Jesse Reynolds, LEGAL PLANET
Unfortunately, a new scientific paper overstates forests’ potential
Today, The Guardian reports:
Tree planting ‘has mind-blowing potential’ to tackle climate crisis
Planting billions of trees across the world is by far the biggest and cheapest way to tackle the climate crisis, according to scientists…
As trees grow, they absorb and store the carbon dioxide emissions that are driving global heating. New research estimates that a worldwide planting programme could remove two-thirds of all the emissions that have been pumped into the atmosphere by human activities, a figure the scientists describe as “mind-blowing”.
global tree restoration potential
Global tree restoration potential
And the underlying scientific paper, published in Science, makes an unambiguous claim:
ecosystem restoration [is] the most effective solution at our disposal to mitigate climate change.
[See also the press release from ETH Zurich.]
That is, the authors claim that reforestation is more effective than reducing greenhouse gas emissions.
Unfortunately, this is misleading, if not false, as well as potentially dangerous. It is misleading for several reasons.
– The authors do not define “effective.” Many policies and actions that could achieve a single given objective are impossible or undesirable.
– They do not consider cost. Planting trees requires arable land, physical and natural resources, and labor, all of which could be used for other valuable purposes. The most recent assessment report from the Intergovernmental Panel on Climate Change (IPCC) gave a range of $20 to $100 per ton of removed carbon dioxide (CO2), [PDF, p. 851]; which is roughly the same costs as many means of reducing greenhouse gas emissions that are presently under discussion.
– The authors do not consider how such reforestation might come about. This land — roughly the size of the US, including Alaska — is owned and managed by many private persons, companies, nongovernmental organizations, and governments. How these numerous diverse actors could be incentivized or somehow forced to undertake expensive reforestation efforts is important unclear.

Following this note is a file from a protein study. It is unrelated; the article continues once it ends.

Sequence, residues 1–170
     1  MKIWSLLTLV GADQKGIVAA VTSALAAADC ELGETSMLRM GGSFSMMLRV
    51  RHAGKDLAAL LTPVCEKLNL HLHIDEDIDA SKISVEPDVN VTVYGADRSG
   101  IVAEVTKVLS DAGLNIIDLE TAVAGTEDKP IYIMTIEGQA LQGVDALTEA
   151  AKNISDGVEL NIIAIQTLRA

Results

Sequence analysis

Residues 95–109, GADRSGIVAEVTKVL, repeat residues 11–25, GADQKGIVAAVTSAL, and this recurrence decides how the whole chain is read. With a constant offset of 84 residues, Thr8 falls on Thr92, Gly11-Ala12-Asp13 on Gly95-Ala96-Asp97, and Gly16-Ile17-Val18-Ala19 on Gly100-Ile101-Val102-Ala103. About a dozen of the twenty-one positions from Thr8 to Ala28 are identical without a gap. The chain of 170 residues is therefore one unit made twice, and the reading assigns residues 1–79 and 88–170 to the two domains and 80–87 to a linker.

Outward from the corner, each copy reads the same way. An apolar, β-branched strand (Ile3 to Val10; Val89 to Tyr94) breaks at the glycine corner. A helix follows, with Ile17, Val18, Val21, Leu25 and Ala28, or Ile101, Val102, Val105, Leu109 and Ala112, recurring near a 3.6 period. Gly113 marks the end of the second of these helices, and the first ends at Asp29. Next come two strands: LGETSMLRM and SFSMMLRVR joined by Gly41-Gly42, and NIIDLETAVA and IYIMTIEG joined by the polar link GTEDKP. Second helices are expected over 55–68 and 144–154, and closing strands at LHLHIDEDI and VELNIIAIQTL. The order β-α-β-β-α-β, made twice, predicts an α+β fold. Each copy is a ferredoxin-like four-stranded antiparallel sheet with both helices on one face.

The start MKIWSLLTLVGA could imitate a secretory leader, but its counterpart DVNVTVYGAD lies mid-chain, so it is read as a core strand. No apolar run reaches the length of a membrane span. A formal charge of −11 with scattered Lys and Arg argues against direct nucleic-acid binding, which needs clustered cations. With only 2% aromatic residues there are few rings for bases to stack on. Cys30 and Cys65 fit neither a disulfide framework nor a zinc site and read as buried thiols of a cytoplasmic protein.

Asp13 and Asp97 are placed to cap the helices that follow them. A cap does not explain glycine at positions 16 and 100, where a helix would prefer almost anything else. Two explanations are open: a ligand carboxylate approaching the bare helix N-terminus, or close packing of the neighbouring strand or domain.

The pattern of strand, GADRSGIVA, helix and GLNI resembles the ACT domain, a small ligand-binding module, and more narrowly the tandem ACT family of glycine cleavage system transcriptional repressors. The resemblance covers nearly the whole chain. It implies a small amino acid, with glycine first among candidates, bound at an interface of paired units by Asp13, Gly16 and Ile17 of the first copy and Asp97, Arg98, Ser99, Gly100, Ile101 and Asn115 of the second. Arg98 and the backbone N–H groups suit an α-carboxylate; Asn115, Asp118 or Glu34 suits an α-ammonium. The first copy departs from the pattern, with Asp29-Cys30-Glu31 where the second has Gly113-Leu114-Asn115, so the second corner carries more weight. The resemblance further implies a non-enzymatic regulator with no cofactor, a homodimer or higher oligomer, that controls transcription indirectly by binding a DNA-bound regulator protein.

They do not consider the rate of carbon removal. The IPCC gives a high-end estimate of 14 billion tons CO2 per year [PDF, p. 851], whereas humans’ emissions are about 40 billion tons per year. Thus, at this generous rate, reforestation could only compensate for a third of current emissions, with not impact on accumulated atmospheric carbon dioxide. Furthermore, the amount of removal suggested by the new paper would require about 55 years.
– The authors simply assume that all potentially forested land “outside cropland and urban
regions” would be “restored to the status of existing forests.” People use land for purposes other than crops and cities. For example, humans’ largest use of land — agricultural or otherwise — is rangeland for livestock. Thus, the paper implicitly assumes a dramatic reduction in meat consumption or intensification of meat production.
– They reach a remarkably high estimate of carbon removal per area. This paper indirectly says that 835 tons CO2 could be removed per hectare (that is, 10,000 square meters), whereas the IPCC report on Land Use, Land-Use Change, and Forestry reaches values from 1.5 to 30 tons per hectare.
– In a critique, Pros. Mark Maslin and Simon Lewis say “The authors have forgotten the carbon that’s already stored in the vegetation and soil of degraded land that their new forests would replace. The amount of carbon that reforestation could lock up is the difference between the two.”
– The paper does not address the (im)permanence of trees, which could later be cut down.
A recent investigation by a reporter at Propublica concluded:
In case after case, I found that carbon credits [for reforestation] hadn’t offset the amount of pollution they were supposed to, or they had brought gains that were quickly reversed or that couldn’t be accurately measured to begin with. Ultimately, the polluters got a guilt-free pass to keep emitting CO₂, but the forest preservation that was supposed to balance the ledger either never came or didn’t last.
Ultimately, if cost, feasibility, and speed were no matter, then one simply could claim that permanently ending the use of fossil fuels tomorrow is the most effective. This statement would be true, but largely irrelevant.